Although ‘cotton was king’ in South Carolina prior to the Civil War, the cotton industry rose and fell in South Carolina in the late 19th and 20th centuries

It is essential for students to know

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It is essential for students to know

It is important for students to understand that the movement for civil rights for African Americans was continuous from the time of the first abolitionists. Organizations and individuals were actively protesting

the Jim Crow laws and restrictions on voting long before the post World War II Civil Rights movement

started with a court case in South Carolina.

Although their schools were far inferior to the schools provided for white students, the parents of some

African American children in Clarendon County, South Carolina just wanted a bus to take their children to their all-black school. The school board provided busses for all of the white children but not for the African American children. Parents bought a used bus themselves but asked the school board to pay for the gas. The school board denied their request. With the assistance of the National Association for the Advancement of Colored People (NAACP), the parents brought suit against the district school board in a case called Briggs v Elliott for equal treatment under the law as required by the 14th Amendment. The state court ruled in favor of the school district. The parents appealed the decision to the Supreme Court of the United States. The NAACP had four similar cases before the Supreme Court from other parts of the country. Briggs became part of the landmark Brown v. Board of Education of Topeka, Kansas decision reached by the Supreme Court in the early 1950s. In Brown, the Supreme Court ruled that segregation in public schools was inherently unequal and that African American students should be integrated into classrooms with white children with “all deliberate speed.”

However, this decision did not change conditions and was not immediately enforced. Segregation continued in schools and all other parts of Southern life. Rosa Parks was a member of the NAACP who was tired of segregation. When she refused to move from her seat on a bus she started the Montgomery Bus Boycott. This peaceful protest against segregation started a series of protests throughout the South that included sit-ins, marches and boycotts. Martin Luther King, Jr. became a leader of the non-violent protest movement and made the famous “I Have A Dream” speech at a protest march in Washington, D.C. South Carolina also had protests. Pictures of protesters being attacked by police dogs and sprayed with fire hoses in places such as Birmingham and Selma, Alabama were carried on nationwide TV and in newspapers. This news coverage led to greater public awareness of racial discrimination and sympathy for the conditions of African Americans in the South. It also led South Carolina leaders to be concerned that these protests would hurt their efforts to attract businesses to the state (3-5.3). So South Carolina government and business leaders began to deliberately and peacefully integrate public facilities in the state. Although the state of South Carolina resisted integration of Clemson University all the way to the Supreme Court, Clemson University and the University of South Carolina were peacefully integrated. Stores and restaurants opened their doors to African American customers. This peaceful integration was eventually marred by the ‘Orangeburg Massacre’, when black students were shot by the South Carolina highway patrol and the National Guard after a protest about a segregated bowling alley.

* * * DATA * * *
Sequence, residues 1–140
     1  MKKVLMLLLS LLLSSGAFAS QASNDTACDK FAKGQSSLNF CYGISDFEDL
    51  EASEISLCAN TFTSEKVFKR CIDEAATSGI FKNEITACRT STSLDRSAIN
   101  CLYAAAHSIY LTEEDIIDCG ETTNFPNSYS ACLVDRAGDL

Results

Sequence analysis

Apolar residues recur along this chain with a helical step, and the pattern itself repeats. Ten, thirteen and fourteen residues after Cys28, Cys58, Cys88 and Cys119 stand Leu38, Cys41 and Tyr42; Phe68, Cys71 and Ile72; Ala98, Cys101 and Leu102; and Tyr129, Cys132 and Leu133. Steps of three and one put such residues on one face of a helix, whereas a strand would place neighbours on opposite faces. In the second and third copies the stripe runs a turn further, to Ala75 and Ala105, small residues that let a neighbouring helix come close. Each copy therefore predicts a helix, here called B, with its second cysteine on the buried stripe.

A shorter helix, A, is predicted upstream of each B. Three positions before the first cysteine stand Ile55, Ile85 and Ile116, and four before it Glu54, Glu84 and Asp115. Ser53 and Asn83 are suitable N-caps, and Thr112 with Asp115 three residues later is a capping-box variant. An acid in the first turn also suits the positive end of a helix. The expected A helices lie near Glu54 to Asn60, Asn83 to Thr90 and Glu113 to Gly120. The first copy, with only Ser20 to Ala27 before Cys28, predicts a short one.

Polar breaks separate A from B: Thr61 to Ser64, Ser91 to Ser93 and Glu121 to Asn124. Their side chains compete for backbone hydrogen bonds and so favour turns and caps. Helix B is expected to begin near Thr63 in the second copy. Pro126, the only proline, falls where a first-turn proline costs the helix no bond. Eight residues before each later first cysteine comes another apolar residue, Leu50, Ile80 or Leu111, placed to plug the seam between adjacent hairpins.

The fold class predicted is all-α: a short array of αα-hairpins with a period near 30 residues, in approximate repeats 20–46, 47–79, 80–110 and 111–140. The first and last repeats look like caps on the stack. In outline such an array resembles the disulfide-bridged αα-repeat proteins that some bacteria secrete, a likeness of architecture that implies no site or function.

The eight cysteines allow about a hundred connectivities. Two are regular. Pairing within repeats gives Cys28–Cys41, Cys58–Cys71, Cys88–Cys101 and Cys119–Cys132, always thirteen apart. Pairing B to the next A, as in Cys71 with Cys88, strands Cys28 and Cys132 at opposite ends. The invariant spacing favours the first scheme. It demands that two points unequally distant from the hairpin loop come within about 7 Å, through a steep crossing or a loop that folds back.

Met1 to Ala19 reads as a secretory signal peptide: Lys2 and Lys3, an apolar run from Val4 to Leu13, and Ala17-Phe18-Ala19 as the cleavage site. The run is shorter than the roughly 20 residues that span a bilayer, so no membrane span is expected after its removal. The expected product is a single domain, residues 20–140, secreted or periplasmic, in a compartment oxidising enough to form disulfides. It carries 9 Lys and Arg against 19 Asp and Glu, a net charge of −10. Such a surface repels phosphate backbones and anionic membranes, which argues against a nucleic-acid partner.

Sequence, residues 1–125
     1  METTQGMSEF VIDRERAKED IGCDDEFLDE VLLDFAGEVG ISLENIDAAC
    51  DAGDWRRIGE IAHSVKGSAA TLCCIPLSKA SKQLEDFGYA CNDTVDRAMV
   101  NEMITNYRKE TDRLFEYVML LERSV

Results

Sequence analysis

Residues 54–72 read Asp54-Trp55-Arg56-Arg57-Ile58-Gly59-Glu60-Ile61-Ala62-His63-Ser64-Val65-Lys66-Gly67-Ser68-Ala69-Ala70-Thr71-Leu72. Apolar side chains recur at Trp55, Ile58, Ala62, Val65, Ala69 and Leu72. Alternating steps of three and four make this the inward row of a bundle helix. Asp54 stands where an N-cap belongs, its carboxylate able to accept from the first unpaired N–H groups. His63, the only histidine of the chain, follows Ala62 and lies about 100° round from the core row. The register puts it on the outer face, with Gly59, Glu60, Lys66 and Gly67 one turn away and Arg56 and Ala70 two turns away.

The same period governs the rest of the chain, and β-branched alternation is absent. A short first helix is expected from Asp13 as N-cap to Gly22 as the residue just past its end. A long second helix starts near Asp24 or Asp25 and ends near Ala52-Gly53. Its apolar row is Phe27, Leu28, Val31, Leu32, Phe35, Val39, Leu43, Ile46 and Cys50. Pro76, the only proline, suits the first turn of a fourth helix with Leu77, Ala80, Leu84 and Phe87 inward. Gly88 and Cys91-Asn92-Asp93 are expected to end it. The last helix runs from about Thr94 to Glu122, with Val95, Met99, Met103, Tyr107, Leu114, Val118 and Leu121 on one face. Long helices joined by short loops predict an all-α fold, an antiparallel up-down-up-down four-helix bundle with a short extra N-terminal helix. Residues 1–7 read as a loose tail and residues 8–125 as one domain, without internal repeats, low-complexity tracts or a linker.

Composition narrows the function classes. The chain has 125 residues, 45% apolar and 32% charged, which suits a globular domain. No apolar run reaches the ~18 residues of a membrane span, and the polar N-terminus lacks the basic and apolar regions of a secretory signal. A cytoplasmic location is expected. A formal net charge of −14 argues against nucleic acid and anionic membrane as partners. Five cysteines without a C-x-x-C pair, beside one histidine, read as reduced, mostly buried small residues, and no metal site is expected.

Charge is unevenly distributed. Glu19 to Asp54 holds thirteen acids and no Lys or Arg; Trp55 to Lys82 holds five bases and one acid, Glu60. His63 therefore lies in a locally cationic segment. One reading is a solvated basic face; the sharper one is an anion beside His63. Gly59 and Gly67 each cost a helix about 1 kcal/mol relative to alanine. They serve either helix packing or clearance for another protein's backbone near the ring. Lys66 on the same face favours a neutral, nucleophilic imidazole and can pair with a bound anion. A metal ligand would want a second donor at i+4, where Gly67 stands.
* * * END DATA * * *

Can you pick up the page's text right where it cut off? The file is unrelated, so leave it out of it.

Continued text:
As a result of the civil rights protests, the national government passed laws that protected the rights of African Americans. The Civil Rights Act [1964] made segregation illegal in all public facilities. The Voting Rights Act [1965] outlawed literacy tests and the 26th Amendment outlawed poll taxes. African Americans were allowed to vote and elected to state legislatures fro the first time since Reconstruction.

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